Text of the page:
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Chapter 33: Persistence

Persistence is a Micro Focus feature which enables you to save the state of all objects in an application during or at the end of a run. This chapter shows you how you can use persistence in an application.

33.1 Overview

Any COBOL program which uses Object COBOL can save the state of all objects during or at the end of an application run. The PersistenceManager class is responsible for saving and restoring the state of objects. When a persistent application is restarted, objects are restored to the state recorded in the persistence file.

Persistence saves all the data declared in the class and instance object-storage sections of the class program. Data declared in working-storage or local-storage is not saved, as this is not considered to be part of the attributes of an object.

33.2 Using Persistence

The PersistenceManager saves object data between runs in a COBOL indexed file. COBOL indexed files consist of two physical files on the disk.

By default, the persistence files are named: trigger.dat and trigger.idx, where trigger is the name of the initial program for your application.

Windows NT and OS/2:
By default, on Object COBOL for 32-bit Windows and OS/2 systems, the persistence files are named: objstore.dat and objstore.idx.

By default, the persistence files are named objstore.dat and objstore.dat.idx.

The persistence files are written to the current directory by default. You can change the default name and location for the persistence files by setting environment variable OODIR. To change just the location, set OODIR to a path and terminate the path-name with a backslash "\" (Windows and OS/2) or a forward slash "/" (UNIX). For example:

Windows and OS/2 : 
set oodir=e:\data\
OODIR=$HOME/data/ export OODIR

This leaves the persistence files with their default names, but writes them to directory e:\data (Windows and OS/2) or $HOME/data (UNIX). To change the filename, set OODIR to a filename:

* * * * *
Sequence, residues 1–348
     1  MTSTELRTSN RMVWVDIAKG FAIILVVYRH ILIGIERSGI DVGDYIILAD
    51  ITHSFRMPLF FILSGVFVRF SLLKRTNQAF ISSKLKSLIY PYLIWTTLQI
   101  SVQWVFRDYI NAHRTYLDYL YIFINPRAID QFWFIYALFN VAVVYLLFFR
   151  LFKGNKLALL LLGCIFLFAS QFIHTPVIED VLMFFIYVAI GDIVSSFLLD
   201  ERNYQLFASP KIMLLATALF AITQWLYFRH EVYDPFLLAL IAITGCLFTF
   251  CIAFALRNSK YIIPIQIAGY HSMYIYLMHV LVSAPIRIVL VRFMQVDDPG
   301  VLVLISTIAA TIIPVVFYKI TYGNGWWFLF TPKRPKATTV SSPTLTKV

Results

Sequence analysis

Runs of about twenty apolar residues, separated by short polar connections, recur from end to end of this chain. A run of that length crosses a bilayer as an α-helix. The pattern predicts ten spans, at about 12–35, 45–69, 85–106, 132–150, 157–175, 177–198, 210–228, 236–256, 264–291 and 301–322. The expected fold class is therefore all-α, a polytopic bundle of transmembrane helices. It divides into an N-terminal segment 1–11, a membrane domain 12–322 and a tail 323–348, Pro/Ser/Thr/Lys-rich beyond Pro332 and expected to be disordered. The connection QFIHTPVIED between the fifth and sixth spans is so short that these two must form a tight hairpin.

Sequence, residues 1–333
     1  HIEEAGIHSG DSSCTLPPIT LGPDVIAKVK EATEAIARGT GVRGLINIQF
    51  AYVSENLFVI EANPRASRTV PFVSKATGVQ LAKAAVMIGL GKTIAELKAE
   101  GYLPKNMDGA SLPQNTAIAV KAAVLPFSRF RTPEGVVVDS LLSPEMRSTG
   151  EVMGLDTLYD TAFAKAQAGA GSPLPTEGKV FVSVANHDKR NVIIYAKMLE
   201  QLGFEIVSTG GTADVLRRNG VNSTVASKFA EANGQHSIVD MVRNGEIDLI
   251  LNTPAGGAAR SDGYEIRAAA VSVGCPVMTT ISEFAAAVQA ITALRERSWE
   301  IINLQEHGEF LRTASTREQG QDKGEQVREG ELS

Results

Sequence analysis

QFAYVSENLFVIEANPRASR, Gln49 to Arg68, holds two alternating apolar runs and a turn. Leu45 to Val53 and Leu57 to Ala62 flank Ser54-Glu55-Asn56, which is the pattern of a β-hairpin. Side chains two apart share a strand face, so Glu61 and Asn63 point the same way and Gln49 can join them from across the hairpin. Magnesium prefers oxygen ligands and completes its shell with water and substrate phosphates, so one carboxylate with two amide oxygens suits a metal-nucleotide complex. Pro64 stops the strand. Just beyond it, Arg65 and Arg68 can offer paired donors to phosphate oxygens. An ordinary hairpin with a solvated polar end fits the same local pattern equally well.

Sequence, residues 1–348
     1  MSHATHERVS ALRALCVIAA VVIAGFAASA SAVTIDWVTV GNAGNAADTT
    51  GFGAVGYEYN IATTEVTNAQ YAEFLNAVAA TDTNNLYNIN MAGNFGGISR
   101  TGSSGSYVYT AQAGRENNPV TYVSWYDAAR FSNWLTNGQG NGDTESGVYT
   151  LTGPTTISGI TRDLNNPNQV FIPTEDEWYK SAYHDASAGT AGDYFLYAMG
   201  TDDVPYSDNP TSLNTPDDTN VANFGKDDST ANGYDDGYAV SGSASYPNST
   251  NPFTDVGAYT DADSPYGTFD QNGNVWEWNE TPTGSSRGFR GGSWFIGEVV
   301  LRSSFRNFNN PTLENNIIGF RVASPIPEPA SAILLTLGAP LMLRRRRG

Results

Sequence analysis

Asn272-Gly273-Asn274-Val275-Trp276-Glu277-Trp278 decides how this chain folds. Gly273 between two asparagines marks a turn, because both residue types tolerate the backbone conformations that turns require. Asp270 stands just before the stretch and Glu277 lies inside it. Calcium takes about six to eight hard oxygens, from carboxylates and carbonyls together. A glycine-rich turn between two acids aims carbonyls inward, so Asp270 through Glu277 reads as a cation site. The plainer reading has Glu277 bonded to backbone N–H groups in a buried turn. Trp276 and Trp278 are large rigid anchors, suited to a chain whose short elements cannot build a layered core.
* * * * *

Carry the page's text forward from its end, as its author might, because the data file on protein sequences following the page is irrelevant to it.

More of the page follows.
Windows and OS/2: 
set oodir=mydata

The persistence files are written to mydata.dat and mydata.idx.

OODIR=mydata export OODIR

The persistence files are written to mydata.dat and mydata.dat.idx.

You can change both the path and the filename as well. For example:

Windows and OS/2: 
set oodir=e:\data\mydata
OODIR=$HOME/mydata export OODIR

The run-time system also uses environment variable OODIR to locate the persistence files at the start of a run. So when you restart an application, you must ensure that it is set to the same value as it had when the application shut down.

33.2.1 Saving Objects

To save objects during or at the end of an application run, use the statement:

    invoke PersistenceManager "saveEverything"

This saves all objects.

33.2.2 Restoring Objects

The run-time system automatically searches for a file with persistence data at the start of every run of any Object COBOL application. It looks in the location pointed to by environment variable OODIR.

If the run-time system finds a persistence file, it restores the object handles stored in the file. As objects are required by the application, they are restored along with their data.